In this Revelations arc, all sides are learning things about each other – the Vong learn that the Galfridians are out there causing unique problems for them, and for their Imperial allies, Kaye learns that her stepmom is one of the invaders she’s been fighting again,and Kaye learns something about herself. Maybe she’ll share that with Nina… maybenot. And Dray wouldn’t mind removing Fey’lya as the head of the New Republic, after the Vong are stopped. Overall, I was very pleased with this issue – the Nina and Kaye storyline slowly ramps up the tension as they deal with their increasingly hostile ‘allies’and explodes into action as they switch over to aggressive negotiations in the end.
Star Wars – The Old Republic – The Lost Suns (part 3 of 5)
The middle part of a story arc in comics usually serves as the build-up to the story’s climax, and part 3 of The Old Republic –The Lost Suns lives up to its role in building upthe suspense. Issues 1 and 2 introduced the characters and threw them at their mission,and in this act, our protagonists learn what they are facing – and that there’s no backingout now: they’re on a collision course with the Sith Empire.
When we last saw Theron Shan, Republic intelligence agent and son of Jedi Grand Master Satele Shan, he had just found his old mentor, the Jedi Master Ngani Zho, on aminor world in the Sith Empire. Escaping with the help of Shan’s prisoner, the criminal Teff’ith, they’ve set off to Vesla, a former Republic world now run by Darth Mekhis. Unfortunately, Zho can’t remember what is going on at Vesla, and so their first stop is Port Nowhere, a criminal haven.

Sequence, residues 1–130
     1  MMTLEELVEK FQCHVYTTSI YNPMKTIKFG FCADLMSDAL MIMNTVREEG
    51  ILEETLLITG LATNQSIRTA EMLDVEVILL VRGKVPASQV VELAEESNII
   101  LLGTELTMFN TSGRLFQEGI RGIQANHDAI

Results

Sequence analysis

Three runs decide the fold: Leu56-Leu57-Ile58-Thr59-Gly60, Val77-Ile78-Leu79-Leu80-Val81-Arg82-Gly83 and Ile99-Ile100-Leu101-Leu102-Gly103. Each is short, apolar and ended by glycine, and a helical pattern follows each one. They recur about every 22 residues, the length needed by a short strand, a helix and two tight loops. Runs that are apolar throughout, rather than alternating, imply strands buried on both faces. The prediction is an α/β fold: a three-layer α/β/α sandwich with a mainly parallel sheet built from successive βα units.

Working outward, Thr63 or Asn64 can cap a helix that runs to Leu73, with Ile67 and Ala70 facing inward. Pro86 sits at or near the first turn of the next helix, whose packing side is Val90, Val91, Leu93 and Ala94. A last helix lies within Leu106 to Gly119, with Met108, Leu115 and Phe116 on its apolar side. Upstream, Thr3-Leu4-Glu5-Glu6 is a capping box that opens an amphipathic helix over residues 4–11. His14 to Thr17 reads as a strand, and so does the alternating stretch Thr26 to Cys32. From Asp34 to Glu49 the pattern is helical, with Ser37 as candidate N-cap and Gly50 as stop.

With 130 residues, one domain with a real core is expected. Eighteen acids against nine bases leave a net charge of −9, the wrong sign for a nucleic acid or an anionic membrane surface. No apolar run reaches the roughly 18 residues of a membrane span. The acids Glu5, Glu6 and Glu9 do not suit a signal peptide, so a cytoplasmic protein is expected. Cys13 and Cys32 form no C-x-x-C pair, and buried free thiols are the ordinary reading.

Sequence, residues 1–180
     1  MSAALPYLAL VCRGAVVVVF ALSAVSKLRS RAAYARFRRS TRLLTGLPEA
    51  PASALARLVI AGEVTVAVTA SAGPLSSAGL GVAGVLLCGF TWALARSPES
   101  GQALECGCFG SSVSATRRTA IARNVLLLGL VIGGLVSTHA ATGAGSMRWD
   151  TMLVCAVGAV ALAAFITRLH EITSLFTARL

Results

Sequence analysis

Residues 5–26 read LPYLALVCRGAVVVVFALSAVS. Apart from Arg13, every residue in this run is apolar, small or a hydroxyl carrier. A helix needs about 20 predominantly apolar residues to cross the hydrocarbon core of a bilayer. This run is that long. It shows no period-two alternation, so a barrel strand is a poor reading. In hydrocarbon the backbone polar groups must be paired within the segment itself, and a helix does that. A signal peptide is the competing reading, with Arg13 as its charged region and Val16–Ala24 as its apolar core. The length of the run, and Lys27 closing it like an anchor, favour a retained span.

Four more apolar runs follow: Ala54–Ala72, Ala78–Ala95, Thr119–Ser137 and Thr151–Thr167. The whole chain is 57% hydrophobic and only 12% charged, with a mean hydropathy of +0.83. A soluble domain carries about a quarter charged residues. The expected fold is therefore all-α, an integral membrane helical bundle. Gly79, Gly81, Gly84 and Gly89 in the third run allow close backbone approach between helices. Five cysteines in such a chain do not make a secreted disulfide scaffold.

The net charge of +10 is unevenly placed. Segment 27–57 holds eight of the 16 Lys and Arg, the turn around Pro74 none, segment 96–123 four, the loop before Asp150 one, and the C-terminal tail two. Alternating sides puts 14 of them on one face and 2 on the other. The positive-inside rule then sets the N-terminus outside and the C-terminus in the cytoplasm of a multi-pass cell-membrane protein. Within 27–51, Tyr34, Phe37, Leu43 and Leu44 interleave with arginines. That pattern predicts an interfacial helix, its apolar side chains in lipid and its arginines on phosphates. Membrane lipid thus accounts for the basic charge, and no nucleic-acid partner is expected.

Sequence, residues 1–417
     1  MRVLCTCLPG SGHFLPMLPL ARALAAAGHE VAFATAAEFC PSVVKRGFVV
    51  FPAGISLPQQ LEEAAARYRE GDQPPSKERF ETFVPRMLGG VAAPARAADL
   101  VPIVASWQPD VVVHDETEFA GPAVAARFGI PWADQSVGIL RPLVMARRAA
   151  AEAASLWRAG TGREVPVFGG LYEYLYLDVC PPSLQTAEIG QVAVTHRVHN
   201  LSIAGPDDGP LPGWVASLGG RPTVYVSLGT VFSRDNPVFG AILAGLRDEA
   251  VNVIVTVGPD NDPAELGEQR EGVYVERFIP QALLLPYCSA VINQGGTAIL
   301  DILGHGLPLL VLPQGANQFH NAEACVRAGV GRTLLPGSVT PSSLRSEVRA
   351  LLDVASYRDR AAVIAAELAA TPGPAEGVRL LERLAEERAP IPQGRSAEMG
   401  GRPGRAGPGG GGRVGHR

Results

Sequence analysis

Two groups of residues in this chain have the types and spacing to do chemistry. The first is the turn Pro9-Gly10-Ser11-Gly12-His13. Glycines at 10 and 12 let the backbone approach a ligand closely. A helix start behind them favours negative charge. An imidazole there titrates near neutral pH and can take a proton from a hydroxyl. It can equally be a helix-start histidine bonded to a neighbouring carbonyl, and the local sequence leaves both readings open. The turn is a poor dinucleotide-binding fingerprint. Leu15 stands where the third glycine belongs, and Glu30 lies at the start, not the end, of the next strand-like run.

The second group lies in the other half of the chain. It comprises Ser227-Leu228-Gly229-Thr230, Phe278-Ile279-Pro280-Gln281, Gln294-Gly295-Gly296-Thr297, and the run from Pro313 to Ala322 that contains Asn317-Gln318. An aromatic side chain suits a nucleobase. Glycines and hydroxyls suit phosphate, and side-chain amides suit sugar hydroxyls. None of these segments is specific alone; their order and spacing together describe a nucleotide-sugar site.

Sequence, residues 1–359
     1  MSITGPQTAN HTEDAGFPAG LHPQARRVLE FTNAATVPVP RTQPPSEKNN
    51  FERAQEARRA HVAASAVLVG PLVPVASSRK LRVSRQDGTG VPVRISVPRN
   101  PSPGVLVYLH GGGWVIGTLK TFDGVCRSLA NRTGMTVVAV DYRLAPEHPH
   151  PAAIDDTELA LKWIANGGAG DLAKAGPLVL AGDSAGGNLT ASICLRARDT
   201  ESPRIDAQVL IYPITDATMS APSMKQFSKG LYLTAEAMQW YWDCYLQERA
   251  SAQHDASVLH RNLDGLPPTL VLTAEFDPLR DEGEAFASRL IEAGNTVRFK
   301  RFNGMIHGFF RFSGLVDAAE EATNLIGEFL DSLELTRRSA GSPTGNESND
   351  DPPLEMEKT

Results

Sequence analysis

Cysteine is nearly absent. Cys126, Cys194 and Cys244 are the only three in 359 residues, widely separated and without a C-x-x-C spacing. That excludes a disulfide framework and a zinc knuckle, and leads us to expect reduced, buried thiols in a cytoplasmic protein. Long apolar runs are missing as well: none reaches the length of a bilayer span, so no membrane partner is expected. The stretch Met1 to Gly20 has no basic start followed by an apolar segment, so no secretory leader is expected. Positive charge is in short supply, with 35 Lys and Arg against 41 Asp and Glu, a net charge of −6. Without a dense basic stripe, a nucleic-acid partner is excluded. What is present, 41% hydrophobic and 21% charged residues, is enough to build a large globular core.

Aboard the orbiting hive of sketchiness, Zho and Teff’ith acquire clearance to enter Imperial space from the black market while Shan hacks and fights his way into gettingsome navigational data to Vesla. The trio sets up a spy telescope on a craggy planetoid and learns what Darth Mekhis has done to the system. As they try to slip out with thedata, they get discovered by an Imperial dreadnought. Meanwhile, Shan just doesn’t get along well with his two partners – he has issues with the Jedi, since though trained as ayoungling, he’s blind to the Force, and the Twi’lek slaver Teff’ith still isn’t too happy about being captured and brought along on this trip, especially since her new friend, old Zho isn’t passing all of his sanity checks.
While earlier arcs of The Old Republic mostly serve as back story to the game, setting up where the game’s storyline will begin, The Lost Suns is an adventure in that galaxy, with the Republic sending a spy mission across enemy lines. With the characters and their relationships introduced in the first issues, this issue mostly drives the plot forward and throws them into harm’s way. The action is pretty light in this part of the story – Theron Shan demonstrates his unarmed combat skills in Port Nowhere, and the gang slices and dices some ambushing predators while camping out on the summit of their chilly planetoid. It’s more about creating tension as our heroes (and the audience) learn what the stakes are, and get caught making their exit.
Sadly, while Theron realizes the dangers represented by what he has discovered, I wasn’t fully convinced off the terror represented by the Sith Empire’s work on Vesla. Is it the destructive by-product of the project or the sheer scope of what they are doing? It is definitely bad news for the Republic, but Shan’s aim in walking